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  • Comment number 78. Posted by stevieweave

    on 3 Jun 2013 10:32

    Chris Packham on Robins.
    Although I like Chris and I'd love a tiny fraction of his knowledge, I have to contradict him on a comment he made last year when he said that, if you see a Robin in your garden, it wont be the same one as the year before.
    MY ROBIN, after building his nest in my neighbour's garden (6 doors down from my other neighbour where he'd nested last year!) then came back to my door waiting to be fed. As soon as I opened the door, in he popped for his mealworms.
    Although I hadn't ringed him last year and he looks identical to every other Robin, I find it difficult to believe that this is not MY ROBIN from last year.

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  • Comment number 77. Posted by theSteB

    on 30 May 2013 14:51

    @Andrew Cullum

    I to have noticed the decline of Kestrels. When I was young these were the only birds of prey you saw regularly. Sparrowhawks used to be pretty scarce in the late 1960s to early 1970s. Peregrines were rarities, and you only saw Common Buzzards in the wilds of Wales or Scotland.

    My personal insights into this are that Kestrels filled the niches left by Buzzards, and to a certain extent Sparrowhawks. That when Common Buzzards recovered and re-occupied their former range, that this pushed Kestrels out of this niche and into probably their own more specialized niche. Despite their difference in size, Kestrels and Common Buzzards actually feed on a similar range of prey items, except of course Kestrels don't take rabbits. In fact I have seen quite a bit of Kestrel Common Buzzard interaction in my area. Normally it is the Kestrel trying to drive the Buzzard away.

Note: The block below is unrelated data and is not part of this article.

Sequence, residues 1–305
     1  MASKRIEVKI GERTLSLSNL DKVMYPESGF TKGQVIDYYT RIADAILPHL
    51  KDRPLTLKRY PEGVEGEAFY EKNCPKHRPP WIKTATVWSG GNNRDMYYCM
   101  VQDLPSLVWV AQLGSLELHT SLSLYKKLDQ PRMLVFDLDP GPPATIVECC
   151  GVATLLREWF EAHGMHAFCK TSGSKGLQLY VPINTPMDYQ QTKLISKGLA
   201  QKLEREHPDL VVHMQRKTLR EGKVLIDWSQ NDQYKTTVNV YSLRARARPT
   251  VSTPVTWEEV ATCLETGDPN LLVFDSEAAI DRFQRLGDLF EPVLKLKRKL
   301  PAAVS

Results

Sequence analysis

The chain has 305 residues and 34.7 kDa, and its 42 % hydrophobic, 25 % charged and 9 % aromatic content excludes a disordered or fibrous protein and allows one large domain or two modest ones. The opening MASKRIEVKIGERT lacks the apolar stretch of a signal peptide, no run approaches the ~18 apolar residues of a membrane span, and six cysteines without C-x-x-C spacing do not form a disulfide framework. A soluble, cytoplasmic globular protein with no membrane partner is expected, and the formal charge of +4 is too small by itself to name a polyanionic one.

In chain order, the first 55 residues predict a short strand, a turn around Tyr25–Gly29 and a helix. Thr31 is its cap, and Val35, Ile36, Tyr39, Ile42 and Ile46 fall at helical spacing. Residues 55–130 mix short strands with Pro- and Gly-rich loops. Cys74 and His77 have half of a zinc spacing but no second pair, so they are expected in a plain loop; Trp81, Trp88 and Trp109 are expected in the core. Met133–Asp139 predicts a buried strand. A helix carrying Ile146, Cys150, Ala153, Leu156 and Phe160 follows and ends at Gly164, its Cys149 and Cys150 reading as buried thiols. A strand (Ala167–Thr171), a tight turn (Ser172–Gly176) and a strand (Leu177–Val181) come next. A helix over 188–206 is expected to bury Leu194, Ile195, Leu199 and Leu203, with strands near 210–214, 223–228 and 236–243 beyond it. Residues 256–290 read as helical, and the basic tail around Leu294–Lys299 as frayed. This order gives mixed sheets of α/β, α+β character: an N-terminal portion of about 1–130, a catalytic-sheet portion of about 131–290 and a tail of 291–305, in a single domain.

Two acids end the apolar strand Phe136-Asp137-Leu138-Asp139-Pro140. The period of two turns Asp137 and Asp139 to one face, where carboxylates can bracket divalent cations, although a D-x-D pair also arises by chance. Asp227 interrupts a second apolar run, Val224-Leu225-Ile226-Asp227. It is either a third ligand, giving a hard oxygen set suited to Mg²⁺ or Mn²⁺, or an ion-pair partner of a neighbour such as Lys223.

In my part of Lancashire Kestrels are still fairly common across the edges of the moorland i.e. the hillsides, rather than the hill tops. About 6-7 years ago I watched a group of about 8 Kestrels all hovering above the same brow ridge on Pendle Hill from a distance, and occassionally swooping down. Later on, on the return I had a look at this patch as the Kestrels had now gone, and I didn't want to disturb them at the time. There was a lot of sheep dung, and dung beetles at work.

    I would guess that on many of these moorland edges the Kestrel population must be close to ecological carrying capacity. In other words I am saying it might not be a serious decline, and more of a re-adjustement to their more specialised niche.

    These are just my views, so they might not be right, but it is based on a lot of observation and knowledge of ecological principles.

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  • Comment number 76. Posted by karen elliott

    on 30 May 2013 14:16

    Thanks for a great programme chris I particularly loved the hedgehog and am very concerned about their decline. I live in a country village and last year a lot of rats were noticed in the gardens. I was disturbed to find how easily available rat poison was to purchase with no advice or warnings about the dangers to wildlife , one shop keeper actually advised to keep blocks of poison under the garden shed all year round. Needless to say the three hedgehogs that regularly visited my garden are no longer alive, I witnessed the death of one that suffered massive blood loss and probably suffered for a week before her distressing death. Where is the legislation to ensure that idiots don't get their hands on poisons ?? Have you got any ideas how to educate people to ensure the safety of our wildlife ?